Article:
Any visual form(s) that communicates "common values and patterns that reflect the basic postulates concerning what life is all about and how things, including society, are or should be structured" (128). For example, "the Fang value balanced opposition as a means of achieving vitality and harmony in social relations and in symbolic forms, and the Navajo value the orderly arrangement of many elements, not opposed, but going in the same direction without interfering with each other" (129).
So, what is to be learned from Chapter Five? For me, I found the concepts of art as social setting and art as a symbol of society to be the most important for Christians. In many cases, it is a difficult task for indigenous Christians to identify with both their own culture and simultaneously with the body of Christ. This is especially true when they are a minority within their society and/or when both the larger indigenous culture and the western church look at them suspiciously. Therefore, I think the idea of indigenous Christians creating new symbols, patterns, etc. which simultaneously represent their cultural heritage and also their identity in Christ would be a very exciting endeavor. This idea probably wouldn't extend to creating new clan symbols, etc., but could for example possibly incorporate or reinterpret them or other cultural art forms from a biblical/Christocentric worldview. Below is an modern graphic logo for the Aboriginal & Islander Christian Fellowship which utilizes Aboriginal art forms to symbolize themselves following and seeking Christ:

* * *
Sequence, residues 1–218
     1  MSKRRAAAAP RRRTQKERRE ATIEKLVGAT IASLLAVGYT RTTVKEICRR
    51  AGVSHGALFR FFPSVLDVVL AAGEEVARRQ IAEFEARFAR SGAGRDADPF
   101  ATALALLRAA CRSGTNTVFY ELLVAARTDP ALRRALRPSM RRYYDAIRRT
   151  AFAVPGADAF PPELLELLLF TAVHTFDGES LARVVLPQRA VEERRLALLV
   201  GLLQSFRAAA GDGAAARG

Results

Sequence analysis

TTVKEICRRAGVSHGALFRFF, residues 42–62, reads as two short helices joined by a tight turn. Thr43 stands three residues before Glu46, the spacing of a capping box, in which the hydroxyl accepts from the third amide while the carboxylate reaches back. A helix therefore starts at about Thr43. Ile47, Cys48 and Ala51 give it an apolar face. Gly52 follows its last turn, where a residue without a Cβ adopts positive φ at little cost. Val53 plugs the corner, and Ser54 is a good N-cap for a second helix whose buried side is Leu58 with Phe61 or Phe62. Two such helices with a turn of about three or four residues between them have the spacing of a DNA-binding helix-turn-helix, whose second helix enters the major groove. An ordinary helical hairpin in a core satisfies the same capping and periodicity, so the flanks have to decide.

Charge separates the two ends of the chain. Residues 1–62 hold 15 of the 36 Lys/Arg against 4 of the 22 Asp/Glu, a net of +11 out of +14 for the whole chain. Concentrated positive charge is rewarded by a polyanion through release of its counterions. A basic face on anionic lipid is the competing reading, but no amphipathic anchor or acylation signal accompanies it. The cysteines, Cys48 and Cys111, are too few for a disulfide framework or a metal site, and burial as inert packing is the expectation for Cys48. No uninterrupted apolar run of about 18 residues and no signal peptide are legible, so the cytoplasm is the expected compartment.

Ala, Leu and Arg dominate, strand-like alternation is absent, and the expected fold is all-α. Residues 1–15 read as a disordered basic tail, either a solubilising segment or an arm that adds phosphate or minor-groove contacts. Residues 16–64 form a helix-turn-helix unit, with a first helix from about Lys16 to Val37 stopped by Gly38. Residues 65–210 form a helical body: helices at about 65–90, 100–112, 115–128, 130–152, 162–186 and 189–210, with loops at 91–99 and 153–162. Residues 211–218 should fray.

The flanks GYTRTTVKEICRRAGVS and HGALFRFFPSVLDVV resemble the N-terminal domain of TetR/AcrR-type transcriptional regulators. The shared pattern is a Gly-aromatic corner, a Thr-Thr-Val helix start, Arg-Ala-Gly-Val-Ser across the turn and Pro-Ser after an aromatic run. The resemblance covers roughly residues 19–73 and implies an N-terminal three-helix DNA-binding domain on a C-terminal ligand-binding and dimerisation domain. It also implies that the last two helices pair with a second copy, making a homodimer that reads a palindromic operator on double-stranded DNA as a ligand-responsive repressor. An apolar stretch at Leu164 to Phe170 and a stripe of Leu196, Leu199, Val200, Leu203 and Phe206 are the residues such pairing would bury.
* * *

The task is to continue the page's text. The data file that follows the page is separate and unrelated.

AICF's logo incorporates the Churches of Christ logo and has 3 features:
1. THE CROSS
People sitting at and gathered around the foot of the cross.
Representing Jesus, river of Life.
3. STEPPING STONES in the stream
Leading to the cross of Jesus. We 'of many people groups' all have a path to travel.
It seems that the cross is a convenient symbol to "indigenize" as a symbol of Christian identity, though it is not necessary to always use incorporate it. But using the cross does link one Christian community to others around the world and those in the past.